The HomePod, whether Apple likes it or not, is the company’s answer to the wildly popular Amazon Echo and Google Home smart speakers. Apple is very insistent that the $349 HomePod has been in development for the past six years and that it’s entirely focused on sound quality.
The sound quality on HomePod is far better than any other device in this price range, it’s just incredible. The HomePod’s power cord is built in and wrapped in fabric, and on top, there are LED-backlit volume buttons and a “display” that isn’t really a display at all — it’s LEDs under a cloudy glass panel that diffuses them into a single blob of swirling colors. There’s no obvious way to make this area show anything with precise lines, like an interface; Apple told that it was designed to be a touch surface, not to display text. On the bottom is a hard, rubbery material. You need to place the HomePod on a hard, flat surface: most of its speakers fire down, and it sounds pretty bad if you set it on something uneven or soft. But most of the time, it sounds excellent.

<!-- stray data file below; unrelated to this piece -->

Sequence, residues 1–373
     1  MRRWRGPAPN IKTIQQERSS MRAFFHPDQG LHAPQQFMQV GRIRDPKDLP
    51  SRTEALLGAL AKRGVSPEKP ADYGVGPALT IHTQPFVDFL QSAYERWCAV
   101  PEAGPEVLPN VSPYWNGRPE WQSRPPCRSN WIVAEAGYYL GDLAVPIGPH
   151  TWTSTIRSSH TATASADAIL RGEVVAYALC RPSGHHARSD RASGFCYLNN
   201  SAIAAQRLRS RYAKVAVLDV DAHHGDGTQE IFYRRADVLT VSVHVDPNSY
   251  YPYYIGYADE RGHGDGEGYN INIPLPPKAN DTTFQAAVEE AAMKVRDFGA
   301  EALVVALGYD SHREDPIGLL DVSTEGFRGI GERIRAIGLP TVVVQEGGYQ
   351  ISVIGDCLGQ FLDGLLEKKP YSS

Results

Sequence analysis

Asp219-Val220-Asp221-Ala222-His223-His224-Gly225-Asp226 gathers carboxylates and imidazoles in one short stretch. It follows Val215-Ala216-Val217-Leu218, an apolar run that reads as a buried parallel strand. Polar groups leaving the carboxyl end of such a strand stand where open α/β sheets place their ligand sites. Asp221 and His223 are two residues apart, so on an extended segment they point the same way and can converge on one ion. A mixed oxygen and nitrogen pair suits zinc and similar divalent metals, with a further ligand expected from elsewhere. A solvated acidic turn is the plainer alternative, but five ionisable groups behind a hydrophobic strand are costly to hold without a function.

The HomePod isn’t just one speaker, it’s actually eight of them, all controlled by Apple’s own A8 processor and tons of custom software. There are seven tweeters that fire down and out from the bottom, and a single four-inch woofer pointing out of the top for low frequencies. There is also a total of seven microphones: six around the middle for Siri, and a seventh inside that measures the location of that woofer so Apple can precisely control the bass <3.
What’s important to understand is that all of these speakers and software aren’t trying to add anything to music; you’re not getting 3D audio or wacky surround effects or anything like that. Apple’s goal is to eliminate unwanted extra sounds you might get from reflections in the room the HomePod is sitting in. It’s then trying to tune to the speaker to sound as neutral as possible in that room, and this process is very, very involved<3.
You can readout the review by experts here.